A federal jury sided with Ventura in his lawsuit against "American Sniper" author Chris Kyle, who was killed last year in Texas. Though Ventura honed a tough-guy reputation as a pro wrestler and action movie actor, he maintained the legal battle was about clearing his name among his beloved fellow Navy SEALs, not about losing a supposed fight.
Kyle reputed to be the deadliest sniper in U.S. military history said in his memoir that he punched Ventura in California in 2006 after Ventura said the SEALs "deserved to lose a few" in Iraq. Ventura disputed that the confrontation, including the punch, ever happened.
Ventura wasn't present for the verdict and didn't immediately return messages left at his home. His attorney, David Bradley Olson, said Ventura felt there were "no real winners in this trial."
"He's certainly grateful for the verdict, but his reputation with an entire generation of young SEALs may never be repaired," Olsen said, adding, "It is a victory in the sense that the jury did tell the world that Chris Kyle's story is a lie and was a fabrication."
Jurors declined to comment to reporters as they left the courthouse. They deliberated for five days before telling the judge Monday they didn't believe they could reach a unanimous verdict, but were told to keep trying. Tuesday's resolution came only after attorneys for both sides agreed to allow a verdict if eight of 10 jurors agreed.
John Borger, an attorney for Kyle's estate, said the family would consider an appeal. He faced questions about why he agreed to a non-unanimous verdict when the jury appeared close to being hung.
"That was a strategic call, which seemed appropriate at the time," Borger said.
Legal experts had said Ventura had to clear a high legal bar to win, because as a public figure he had to prove actual malice. The jury was instructed that Ventura had to prove that Kyle either knew or believed what he wrote was untrue, or that he harbored serious doubts about its truth.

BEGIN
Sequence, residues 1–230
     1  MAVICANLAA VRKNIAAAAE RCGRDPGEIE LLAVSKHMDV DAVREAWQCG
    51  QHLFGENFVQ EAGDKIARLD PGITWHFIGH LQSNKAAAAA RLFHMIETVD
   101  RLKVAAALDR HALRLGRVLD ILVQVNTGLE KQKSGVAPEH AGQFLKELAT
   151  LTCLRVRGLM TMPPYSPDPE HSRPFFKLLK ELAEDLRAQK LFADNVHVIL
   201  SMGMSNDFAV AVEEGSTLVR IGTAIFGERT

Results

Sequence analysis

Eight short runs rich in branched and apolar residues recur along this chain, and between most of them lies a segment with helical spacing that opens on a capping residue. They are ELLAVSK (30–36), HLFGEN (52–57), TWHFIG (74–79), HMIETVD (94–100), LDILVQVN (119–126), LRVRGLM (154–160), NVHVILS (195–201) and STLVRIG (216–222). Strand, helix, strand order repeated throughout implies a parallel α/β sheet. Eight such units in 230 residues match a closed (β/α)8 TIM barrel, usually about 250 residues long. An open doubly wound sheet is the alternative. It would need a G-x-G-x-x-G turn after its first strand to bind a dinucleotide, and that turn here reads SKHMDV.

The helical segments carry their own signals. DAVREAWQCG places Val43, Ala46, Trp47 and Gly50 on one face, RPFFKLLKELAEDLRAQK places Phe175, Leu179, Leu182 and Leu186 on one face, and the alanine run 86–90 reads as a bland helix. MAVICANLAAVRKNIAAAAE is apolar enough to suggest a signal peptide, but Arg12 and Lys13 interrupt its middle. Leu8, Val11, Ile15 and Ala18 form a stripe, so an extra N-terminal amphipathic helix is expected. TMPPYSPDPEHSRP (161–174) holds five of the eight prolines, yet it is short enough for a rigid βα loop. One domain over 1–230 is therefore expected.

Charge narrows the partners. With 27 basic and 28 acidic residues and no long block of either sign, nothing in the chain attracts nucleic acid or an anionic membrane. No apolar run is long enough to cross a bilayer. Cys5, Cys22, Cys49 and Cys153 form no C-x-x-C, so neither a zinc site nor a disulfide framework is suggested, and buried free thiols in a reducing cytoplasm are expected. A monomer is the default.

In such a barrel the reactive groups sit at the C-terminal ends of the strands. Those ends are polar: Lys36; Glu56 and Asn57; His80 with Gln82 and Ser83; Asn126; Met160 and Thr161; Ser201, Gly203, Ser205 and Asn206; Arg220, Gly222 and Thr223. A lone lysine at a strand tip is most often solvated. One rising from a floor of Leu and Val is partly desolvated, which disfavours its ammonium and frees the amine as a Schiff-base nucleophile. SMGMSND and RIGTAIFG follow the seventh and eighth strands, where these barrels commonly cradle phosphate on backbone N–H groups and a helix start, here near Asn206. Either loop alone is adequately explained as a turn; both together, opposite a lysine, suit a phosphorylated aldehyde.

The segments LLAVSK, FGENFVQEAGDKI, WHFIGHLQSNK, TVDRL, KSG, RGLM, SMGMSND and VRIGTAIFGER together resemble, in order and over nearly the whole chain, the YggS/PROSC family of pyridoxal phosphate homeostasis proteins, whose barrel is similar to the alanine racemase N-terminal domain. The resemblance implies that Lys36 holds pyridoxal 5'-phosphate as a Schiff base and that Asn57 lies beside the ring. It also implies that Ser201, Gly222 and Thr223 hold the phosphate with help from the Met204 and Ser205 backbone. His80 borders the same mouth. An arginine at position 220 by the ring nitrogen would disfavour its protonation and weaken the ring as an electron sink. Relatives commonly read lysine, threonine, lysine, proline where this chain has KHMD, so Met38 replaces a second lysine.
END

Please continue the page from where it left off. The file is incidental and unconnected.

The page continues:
After Kyle was killed last year at a Texas gun range, Ventura's lawsuit moved forward with Kyle's widow, Taya Kyle, as the defendant. She wasn't in court to hear the verdict. Borger said she was "surprised and upset" when he gave her the news by phone.
The jury awarded Ventura $500,000 for defamation and $1.3 million for unjust enrichment. Borger said the latter figure was subject to review and potential adjustment by U.S. District Judge Richard Kyle, no relation to Chris Kyle.
At least some of that money will be covered by "American Sniper" publisher HarperCollins' insurance policy. Borger said the $1.3 million for unjust enrichment will have to come from the book profits, but Olsen believes the policy will cover all the damages. Borger said he expects both sides will file papers on that and other issues soon.
Olsen also said Ventura's side will ask HarperCollins to remove the disputed section from the book.
The section recounts an October 2006 confrontation that Chris Kyle said he had at a bar in Coronado, California, with a man called "Scruff Face." In promotional interviews, Kyle identified the man as Ventura, who was in Coronado for a SEAL reunion and graduation ceremony. Kyle was at the bar for a wake for a fallen SEAL.
Olsen suggested in his closing argument that the jury award Ventura $5 million to $15 million to compensate him for damage to his reputation. He said Kyle's claims that Ventura said he hated America, thought the U.S. military was killing innocent civilians in Iraq and that the SEALs "deserve to lose a few" had made him a pariah in the community that mattered most to him the brotherhood of current and former SEALs.
Borger argued that 11 witnesses presented by the defense told a "compelling and consistent story" that backed Kyle's account.
Ventura testified that his income as a television personality fell sharply as job offers dried up in the wake of "American Sniper." Borger said Ventura's career as an entertainer was in decline well before that.